There was quite the break-neck downhill at one point and I tried to just let myself go. I could see the bottom of the hill was clear running so I had nothing to fear. It was terrifying but fun!As I got to the handover point I knew I was going to carry on. I felt strong and I felt good. I ran over to Keith and handed him the relay arm strap thing and told him I was running on but not to wait for me. I didn’t want him to hold himself back (and ultimately our team!) because I’d decided I wanted more miles and couldn’t keep up.

I managed to stay with Keith’s VERY fast pace for about a mile before he gradually peeled off. I was more than happy with this because honestly his pace was insane to me at this point! I couldn’t maintain that having run all the miles before and it being a hilly course. The main thing that kept me going really was that I knew it was less than 10k and a few people had told me beforehand that the last leg was the easiest OK, just hold on Anna.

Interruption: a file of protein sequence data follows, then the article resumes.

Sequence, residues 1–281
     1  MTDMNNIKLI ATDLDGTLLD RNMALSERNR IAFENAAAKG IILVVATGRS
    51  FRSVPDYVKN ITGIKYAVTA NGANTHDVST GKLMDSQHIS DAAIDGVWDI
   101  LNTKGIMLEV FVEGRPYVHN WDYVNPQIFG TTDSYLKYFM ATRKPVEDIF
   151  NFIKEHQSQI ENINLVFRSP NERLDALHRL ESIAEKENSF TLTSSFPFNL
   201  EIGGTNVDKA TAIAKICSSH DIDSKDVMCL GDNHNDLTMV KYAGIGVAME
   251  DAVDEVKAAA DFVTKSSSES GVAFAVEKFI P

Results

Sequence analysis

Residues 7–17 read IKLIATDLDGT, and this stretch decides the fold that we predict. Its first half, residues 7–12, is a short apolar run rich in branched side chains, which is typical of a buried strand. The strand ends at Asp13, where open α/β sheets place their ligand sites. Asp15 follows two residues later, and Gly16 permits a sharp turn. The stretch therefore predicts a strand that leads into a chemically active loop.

I went past one marshal who happily yelled “fantastic! We need more ladies up the field!” which was nice. All the marshals were brilliant to be honest. I kept Keith in my sights and was able to overtake a few marathoners and half marathoners as I went and felt so pleased that I wasn’t going to have to run again later.

I was very conscious though that I didn’t want to hold our team up though because they’d have to wait for me at the end. This was strong motivation to keep me going and maintaining a decent pace. I did feel a bit cheeky that I was getting cheered on as technically this wasn’t my race anymore… The photographer even jokingly remarked at how often he’d seen me (on our bibs it says our leg number).There were two quite sneaky and painful hills at the end and then finally someone shouted it was about 500 yards to go – not that I had the foggiest what a yard looked like really. But surely that meant reasonably close?

Thank you Andy for the photo!

I turned round the corner and there was a nice stretch of grass before the finish funnel. Whew! 19.75 miles DONE.I was so pleased to have gotten almost 20 miles done and dusted. And it hadn’t felt like a super long run. Being joining by different people and the undulating course helped break up the monotony. I was glad to have a guzzle of water at the end, pick up my medal and t-shirt (which fitted perfectly! Actual female small sizes yay!). Then I joined my team to celebrate.